Navigation Links
Winemaking goes high-tech at the University of British Columbia
Date:7/12/2012

VANCOUVER, B.C. July 11, 2012 For centuries, people made wine by stomping grapes with their bare feet. But now, the art of winemaking is going high-tech at The University of British Columbia's Wine Research Centre.

Have you ever gotten a headache or a rash from a single glass of wine? Has one glass of Merlot or Shiraz resulted in a painful hangover? If yes, you may be one of the 30 percent of people who are allergic to compounds that are in some of the world's most popular wines.

A team of researchers at UBC's Wine Research Centre which has received funding from the Government of Canada through the Canada Foundation for Innovation (CFI) is working to resolve the allergic reaction some people have to wine. The research team has created a strain of yeast that prevents allergic reactions, producing a wine that is hypoallergenic and can be enjoyed by everyone. The yeast developed at the Wine Research Centre is now being used by some of the most recognizable vintages produced in Canada and the United States.

"Investments made in science and state-of-the-art facilities are giving Canada's wine industry an edge in a highly competitive market," said the Honourable Gary Goodyear, Minister of State (Science and Technology). "Sectors across Canada such as forestry and agri-food are also benefiting from this type of research-driven growth."

Most British Columbia wines are consumed domestically. The work being undertaken by Professor van Vuuren and his team aims to ensure that Canadian wines can better compete against the world's finest labels.

"Advanced scientific knowledge is an important strategic asset for winemakers," said Professor Hennie van Vuuren, Director of the Wine Research Centre. "We are committed to helping this important industry compete."

Researchers at UBC are even bringing the science of genetics to bear on the ancient practice of winemaking. Chardonnay is one of the most widely planted grapes on the planet and a staple of British Columbia's wine industry. However, few wine producers know what variety of Chardonnay they plant each year. Professor van Vuuren is hoping to solve this problem by sequencing the genome of several varieties of Chardonnay. The belief is that, with the right genetic information, wine producers can make better decisions about which grape to plant, increasing the productivity of their vineyards.


'/>"/>

Contact: Ryan Saxby HIll
ryansaxbyhill@innovation.ca
613-943-5346
Canada Foundation for Innovation
Source:Eurekalert

Related biology news :

1. NIST effort could improve high-tech medical scanners
2. University of Houston study shows BP oil spill hurt marshes, but recovery possible
3. University of Alberta led research may have discovered how memories are encoded in our brains
4. BGI, University of Helsinki and Wuhan University sign a MOU concerning cooperation on genomics
5. Marshall University study may lead to new treatments for prostate cancer
6. University leads £6 million EU project to tackle obesity
7. A University of Tennessee professors hypothesis may be game changer for evolutionary theory
8. Life expectancy may affect when you get married, divorced, have kids: Queens University study
9. University of Toronto biologists predict extinction for organisms with poor quality genes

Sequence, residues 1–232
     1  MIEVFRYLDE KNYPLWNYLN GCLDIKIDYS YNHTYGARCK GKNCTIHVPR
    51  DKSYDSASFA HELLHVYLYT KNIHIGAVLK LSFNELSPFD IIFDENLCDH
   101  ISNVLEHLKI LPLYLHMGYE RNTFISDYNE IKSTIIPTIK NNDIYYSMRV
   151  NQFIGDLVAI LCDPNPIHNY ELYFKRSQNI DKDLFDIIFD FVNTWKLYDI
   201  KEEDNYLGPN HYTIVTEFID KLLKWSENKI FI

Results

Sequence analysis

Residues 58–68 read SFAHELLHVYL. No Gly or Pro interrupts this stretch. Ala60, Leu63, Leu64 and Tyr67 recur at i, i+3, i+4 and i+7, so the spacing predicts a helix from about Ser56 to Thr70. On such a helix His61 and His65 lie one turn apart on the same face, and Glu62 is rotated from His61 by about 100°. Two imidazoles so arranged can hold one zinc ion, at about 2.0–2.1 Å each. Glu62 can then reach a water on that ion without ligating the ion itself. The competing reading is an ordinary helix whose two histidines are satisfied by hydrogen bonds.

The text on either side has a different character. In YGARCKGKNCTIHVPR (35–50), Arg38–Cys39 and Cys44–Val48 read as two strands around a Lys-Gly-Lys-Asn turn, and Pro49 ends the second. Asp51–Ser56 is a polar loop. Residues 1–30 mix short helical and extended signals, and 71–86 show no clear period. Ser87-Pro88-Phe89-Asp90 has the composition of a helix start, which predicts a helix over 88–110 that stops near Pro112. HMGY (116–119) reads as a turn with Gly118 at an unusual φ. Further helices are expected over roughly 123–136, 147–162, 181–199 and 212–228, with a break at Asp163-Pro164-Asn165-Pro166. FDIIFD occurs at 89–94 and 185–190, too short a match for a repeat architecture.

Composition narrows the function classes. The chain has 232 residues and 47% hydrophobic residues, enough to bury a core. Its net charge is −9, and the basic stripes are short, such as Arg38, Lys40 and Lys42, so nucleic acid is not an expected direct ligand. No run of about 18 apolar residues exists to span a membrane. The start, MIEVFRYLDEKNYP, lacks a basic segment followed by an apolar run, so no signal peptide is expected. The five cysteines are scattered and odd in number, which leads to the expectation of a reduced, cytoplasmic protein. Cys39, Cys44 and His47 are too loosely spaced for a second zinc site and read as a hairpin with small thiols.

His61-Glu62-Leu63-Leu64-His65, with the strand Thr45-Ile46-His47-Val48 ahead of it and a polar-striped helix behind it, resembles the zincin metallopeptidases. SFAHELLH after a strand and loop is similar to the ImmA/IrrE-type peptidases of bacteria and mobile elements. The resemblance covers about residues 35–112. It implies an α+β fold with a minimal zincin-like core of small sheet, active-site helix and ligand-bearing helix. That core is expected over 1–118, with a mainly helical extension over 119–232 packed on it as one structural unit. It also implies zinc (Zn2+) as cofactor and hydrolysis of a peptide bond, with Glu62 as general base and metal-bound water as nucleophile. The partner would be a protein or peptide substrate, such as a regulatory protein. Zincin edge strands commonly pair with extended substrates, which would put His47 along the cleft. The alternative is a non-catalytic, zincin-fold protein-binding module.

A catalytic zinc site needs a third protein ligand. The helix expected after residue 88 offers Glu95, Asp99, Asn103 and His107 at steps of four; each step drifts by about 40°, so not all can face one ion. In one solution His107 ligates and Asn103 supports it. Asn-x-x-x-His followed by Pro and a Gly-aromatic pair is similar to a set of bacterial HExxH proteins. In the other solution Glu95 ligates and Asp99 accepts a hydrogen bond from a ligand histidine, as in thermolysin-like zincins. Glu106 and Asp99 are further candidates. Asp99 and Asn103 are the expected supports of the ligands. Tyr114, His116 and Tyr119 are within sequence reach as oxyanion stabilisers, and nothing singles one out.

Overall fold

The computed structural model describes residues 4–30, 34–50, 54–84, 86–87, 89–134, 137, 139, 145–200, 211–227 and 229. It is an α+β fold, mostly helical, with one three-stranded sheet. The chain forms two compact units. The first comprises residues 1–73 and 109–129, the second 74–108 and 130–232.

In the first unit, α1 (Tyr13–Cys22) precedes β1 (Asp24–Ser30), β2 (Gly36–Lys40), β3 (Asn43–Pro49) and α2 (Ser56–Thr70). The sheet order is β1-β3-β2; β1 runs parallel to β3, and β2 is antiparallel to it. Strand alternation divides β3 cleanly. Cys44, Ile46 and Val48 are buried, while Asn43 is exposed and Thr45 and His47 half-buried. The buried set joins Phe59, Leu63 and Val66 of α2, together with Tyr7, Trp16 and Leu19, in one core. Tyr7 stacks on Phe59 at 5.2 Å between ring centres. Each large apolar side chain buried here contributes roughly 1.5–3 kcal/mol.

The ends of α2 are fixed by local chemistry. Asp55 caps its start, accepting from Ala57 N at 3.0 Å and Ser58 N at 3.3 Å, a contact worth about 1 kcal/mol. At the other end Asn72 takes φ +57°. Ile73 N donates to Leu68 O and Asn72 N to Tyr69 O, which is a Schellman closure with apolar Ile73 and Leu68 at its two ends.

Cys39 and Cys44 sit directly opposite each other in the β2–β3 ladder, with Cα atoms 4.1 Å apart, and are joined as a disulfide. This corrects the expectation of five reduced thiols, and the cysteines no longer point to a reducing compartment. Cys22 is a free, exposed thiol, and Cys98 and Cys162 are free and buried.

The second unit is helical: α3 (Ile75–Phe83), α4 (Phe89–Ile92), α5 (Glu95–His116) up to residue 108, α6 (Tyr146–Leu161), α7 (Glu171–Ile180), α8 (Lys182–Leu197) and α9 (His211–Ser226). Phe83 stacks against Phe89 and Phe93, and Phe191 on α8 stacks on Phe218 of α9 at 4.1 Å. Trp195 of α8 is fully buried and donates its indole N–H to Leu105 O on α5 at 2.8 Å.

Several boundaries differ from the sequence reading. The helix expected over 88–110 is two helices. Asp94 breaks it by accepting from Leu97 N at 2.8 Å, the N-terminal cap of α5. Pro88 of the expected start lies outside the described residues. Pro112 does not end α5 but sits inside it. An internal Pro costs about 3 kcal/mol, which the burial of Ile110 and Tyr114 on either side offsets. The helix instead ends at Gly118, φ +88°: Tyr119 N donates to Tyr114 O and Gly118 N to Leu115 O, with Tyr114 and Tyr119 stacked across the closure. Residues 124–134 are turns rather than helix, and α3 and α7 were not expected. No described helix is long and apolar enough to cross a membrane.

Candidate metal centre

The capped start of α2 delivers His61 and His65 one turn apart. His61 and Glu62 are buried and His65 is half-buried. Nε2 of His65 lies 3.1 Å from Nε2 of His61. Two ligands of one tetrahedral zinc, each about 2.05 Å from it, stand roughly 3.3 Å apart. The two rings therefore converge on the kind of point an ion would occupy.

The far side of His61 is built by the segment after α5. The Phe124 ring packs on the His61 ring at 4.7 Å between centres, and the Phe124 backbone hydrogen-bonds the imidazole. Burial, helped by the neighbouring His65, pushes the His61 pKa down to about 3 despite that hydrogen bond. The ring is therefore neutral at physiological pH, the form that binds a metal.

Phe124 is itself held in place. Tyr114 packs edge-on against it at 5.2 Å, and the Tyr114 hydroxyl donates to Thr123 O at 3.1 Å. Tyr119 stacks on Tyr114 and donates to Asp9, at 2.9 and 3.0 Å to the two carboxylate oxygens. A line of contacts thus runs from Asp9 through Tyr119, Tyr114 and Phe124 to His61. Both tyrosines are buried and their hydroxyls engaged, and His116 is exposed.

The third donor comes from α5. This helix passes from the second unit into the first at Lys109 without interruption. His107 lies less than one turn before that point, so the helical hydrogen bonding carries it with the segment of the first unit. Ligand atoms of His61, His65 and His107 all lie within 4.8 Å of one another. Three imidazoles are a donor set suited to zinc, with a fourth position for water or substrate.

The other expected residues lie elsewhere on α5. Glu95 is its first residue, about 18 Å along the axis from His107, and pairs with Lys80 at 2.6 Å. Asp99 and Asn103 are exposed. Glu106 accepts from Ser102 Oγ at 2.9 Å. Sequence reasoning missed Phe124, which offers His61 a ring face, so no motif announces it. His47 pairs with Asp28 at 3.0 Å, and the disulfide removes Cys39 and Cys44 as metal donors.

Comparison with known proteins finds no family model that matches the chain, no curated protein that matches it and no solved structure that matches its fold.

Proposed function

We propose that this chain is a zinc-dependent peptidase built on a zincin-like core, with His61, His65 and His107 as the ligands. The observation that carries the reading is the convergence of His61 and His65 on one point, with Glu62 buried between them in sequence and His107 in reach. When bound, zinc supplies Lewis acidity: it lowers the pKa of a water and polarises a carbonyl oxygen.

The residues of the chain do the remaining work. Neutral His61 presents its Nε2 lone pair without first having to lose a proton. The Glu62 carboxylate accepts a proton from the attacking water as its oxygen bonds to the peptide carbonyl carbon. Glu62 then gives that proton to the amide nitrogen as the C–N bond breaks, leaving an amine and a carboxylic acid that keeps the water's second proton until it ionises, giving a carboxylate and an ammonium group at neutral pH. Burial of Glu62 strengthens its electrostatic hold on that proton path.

10. University of Minnesota invention helps advance reliability of alternative energy
11. Israel names Tel Aviv Universitys Renewable Energy Center a Center of Research Excellence
Post Your Comments:
*Name:
*Comment:
*Email:
(Date:6/1/2016)... -- Favorable Government Initiatives Coupled With Implementation ... to Boost Global Biometrics System Market Through 2021  ... " Global Biometrics Market By Type, By End ... - 2021", the global biometrics market is projected to ... growing security concerns across various end use sectors such ...
(Date:5/9/2016)... 2016 Elevay is currently known ... freedom for high net worth professionals seeking travel for ... connected world, there is still no substitute for a ... sealing your deal with a firm handshake. This is ... advantage of citizenship via investment programs like those offered ...
(Date:4/26/2016)... , April 27, 2016 ... the  "Global Multi-modal Biometrics Market 2016-2020"  report to ... ) , The analysts forecast the ... CAGR of 15.49% during the period 2016-2020.  ... number of sectors such as the healthcare, BFSI, ...
Breaking Biology News(10 mins):
(Date:6/23/2016)... BEACH, Calif. , June 23, 2016  Blueprint ... new biological discoveries to the medical community, has closed ... co-founder Matthew Nunez . "We have ... us with the capital we need to meet our ... will essentially provide us the runway to complete validation ...
(Date:6/23/2016)... ... June 23, 2016 , ... ClinCapture, the only free validated ... will showcase its product’s latest features from June 26 to June 30, 2016 ... on Disrupting Clinical Trials in The Cloud during the conference. DIA (Drug ...
(Date:6/23/2016)... 22, 2016  Amgen (NASDAQ: AMGN ) ... QB3@953 life sciences incubator to accelerate the development ... laboratory space at QB3@953 was created to help high-potential ... for many early stage organizations - access to laboratory ... Amgen launched two "Amgen Golden Ticket" awards, providing each ...
(Date:6/22/2016)... June 22, 2016 Research and Markets has ... report to their offering. ... 2014 from $29.3 billion in 2013. The market is expected to ... from 2015 to 2020, increasing from $50.6 billion in 2015 to ... forecasts during the forecast period (2015 to 2020) are discussed. As ...
Breaking Biology Technology: